Space Jam 2, or, Deadpool!

deadpool

My relationship with Deadpool is a tad amorphous as while I enjoy the character quite a bit I’ve never actually encountered anything featuring the character that I’ve liked. While I certainly haven’t rabidly pursued every last scrap of the Deadpool mythos I’ve been burned enough by the Merc with a Mouth’s misadventures to be a little weary of each successive one I embark on.

Luckily I now have an absolute go-to when I need my Deadpool fix, as director Tim Miller’s new film (written by Rhett Reese and Paul Wernick) does such an awesome job with the namesake character that it helped me understand why I like Deadpool in the first place.

Deadpool is a cartoon character running around in the “real” world. Space Jam style. He addresses the audience, he gets blown up and chopped to bits and lit on fire and he frequently exhibits a perplexingly acrobatic mastery over gravity. Deadpool occupies a space somewhere on a spectrum between Bugs Bunny and Wile E. Coyote. I suspect fans wouldn’t think twice if he started stamping his foot and howling at a beautiful woman, was lifted off of his feet by the smell of a pie in the window or turned to camera and said “ain’t I a stinker?” The Deadpool film does a fantastic job of bringing the cartoonish smart-ass to life in his full Looney Toon glory and dropping him smack dab in the middle of an R-rated shoot ’em up.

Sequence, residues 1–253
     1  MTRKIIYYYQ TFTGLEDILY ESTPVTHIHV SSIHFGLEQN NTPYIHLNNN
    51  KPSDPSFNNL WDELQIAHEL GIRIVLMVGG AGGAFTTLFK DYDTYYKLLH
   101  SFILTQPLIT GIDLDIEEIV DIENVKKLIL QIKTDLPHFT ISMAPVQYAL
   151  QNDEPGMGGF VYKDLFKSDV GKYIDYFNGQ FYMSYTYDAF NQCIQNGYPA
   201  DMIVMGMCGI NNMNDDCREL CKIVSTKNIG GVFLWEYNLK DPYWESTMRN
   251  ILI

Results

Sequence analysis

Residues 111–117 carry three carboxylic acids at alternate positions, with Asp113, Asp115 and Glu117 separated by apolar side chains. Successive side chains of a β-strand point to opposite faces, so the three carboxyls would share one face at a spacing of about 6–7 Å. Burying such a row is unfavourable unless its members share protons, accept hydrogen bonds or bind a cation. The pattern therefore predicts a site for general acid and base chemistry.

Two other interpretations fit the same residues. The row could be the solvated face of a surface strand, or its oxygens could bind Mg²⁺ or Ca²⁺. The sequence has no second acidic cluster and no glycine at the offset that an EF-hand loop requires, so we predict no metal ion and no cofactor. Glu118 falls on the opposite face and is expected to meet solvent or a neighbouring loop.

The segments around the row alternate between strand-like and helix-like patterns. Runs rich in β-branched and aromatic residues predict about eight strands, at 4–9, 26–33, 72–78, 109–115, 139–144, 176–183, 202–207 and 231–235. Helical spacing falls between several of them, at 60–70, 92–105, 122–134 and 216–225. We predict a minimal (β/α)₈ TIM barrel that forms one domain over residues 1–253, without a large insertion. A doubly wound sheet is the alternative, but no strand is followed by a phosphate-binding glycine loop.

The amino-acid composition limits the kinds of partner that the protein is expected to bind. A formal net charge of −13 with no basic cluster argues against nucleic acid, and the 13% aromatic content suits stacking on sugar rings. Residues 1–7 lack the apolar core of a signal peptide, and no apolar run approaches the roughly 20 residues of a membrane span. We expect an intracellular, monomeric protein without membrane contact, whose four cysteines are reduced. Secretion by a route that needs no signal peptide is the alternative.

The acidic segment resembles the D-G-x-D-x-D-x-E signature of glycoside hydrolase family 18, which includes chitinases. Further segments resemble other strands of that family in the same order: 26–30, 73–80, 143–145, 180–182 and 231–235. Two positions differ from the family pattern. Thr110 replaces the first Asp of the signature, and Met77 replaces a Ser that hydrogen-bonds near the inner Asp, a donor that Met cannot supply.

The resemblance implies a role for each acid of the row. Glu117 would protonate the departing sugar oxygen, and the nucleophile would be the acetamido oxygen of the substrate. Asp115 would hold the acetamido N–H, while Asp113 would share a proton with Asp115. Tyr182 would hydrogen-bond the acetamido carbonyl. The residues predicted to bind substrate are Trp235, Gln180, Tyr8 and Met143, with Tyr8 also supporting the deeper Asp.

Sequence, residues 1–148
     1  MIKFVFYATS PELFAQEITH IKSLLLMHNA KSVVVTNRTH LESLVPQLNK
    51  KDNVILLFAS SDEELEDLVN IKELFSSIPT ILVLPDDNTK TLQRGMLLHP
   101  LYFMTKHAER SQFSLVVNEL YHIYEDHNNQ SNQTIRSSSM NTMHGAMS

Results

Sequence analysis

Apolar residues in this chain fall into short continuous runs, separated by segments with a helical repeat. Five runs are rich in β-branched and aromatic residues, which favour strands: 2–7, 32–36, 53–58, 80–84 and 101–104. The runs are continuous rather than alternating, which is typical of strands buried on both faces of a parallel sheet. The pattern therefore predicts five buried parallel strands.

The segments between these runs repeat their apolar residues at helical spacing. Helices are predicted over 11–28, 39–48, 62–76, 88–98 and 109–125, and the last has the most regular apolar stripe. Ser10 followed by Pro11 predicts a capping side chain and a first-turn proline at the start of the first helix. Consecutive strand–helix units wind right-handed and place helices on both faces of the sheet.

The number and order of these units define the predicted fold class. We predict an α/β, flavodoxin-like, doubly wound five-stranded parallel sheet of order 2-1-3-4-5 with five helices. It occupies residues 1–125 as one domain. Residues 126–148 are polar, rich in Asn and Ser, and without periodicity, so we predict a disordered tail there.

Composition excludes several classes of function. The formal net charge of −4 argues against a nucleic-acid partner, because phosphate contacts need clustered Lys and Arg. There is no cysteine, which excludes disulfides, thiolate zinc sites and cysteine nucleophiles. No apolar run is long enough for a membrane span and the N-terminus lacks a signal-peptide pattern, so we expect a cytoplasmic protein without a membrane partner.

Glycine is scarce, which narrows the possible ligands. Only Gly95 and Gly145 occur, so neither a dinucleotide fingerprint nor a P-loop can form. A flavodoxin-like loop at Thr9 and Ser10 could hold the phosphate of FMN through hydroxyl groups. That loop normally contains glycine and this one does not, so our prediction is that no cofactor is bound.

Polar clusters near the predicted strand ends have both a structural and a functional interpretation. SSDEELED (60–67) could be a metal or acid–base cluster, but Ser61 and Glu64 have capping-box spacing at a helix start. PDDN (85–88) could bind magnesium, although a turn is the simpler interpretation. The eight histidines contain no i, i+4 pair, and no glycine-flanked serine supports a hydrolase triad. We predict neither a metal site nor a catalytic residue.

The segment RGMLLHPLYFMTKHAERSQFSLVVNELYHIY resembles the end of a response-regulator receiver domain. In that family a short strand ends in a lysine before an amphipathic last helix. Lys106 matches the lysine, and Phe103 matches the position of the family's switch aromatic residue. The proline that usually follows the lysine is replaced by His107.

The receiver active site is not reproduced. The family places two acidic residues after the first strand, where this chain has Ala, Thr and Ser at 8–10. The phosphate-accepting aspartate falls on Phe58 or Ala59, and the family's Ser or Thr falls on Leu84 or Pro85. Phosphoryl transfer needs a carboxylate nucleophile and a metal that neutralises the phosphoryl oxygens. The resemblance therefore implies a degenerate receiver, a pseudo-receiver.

But Miller’s film has a careful balancing act it has to perform, being both a superhero origin story and a Deadpool movie – a harder mash-up than one might think.

I’m sure somewhere out there Bugs Bunny and Wile E. Coyote have origin stories, but do any of us really want to know them? When Bugs Bunny is in the process of tricking Daffy Duck into blowing his brains out all over the forest the last thing you’re interested in is a flashback to why a bunny is named “Bugs.” Similarly, while watching Deadpool massacre a bunch of nameless, faceless minions I don’t really want to halt the proceedings to find out why he’s called Deadpool.

That isn’t to say that the movie isn’t great. Ryan Reynolds turns in a pitch perfect performance as the titular hero and the action and humor are top notch but the flashbacks to how Wade Wilson became Deadpool felt like homework I had to do before I could go play outside with swords and pistols and the F-word.

Still, Tim Miller has made a film that is unequivocally Deadpool and should both please long-time fans and ingratiate itself with newcomers who have no idea just how obnoxious a superhero can be.

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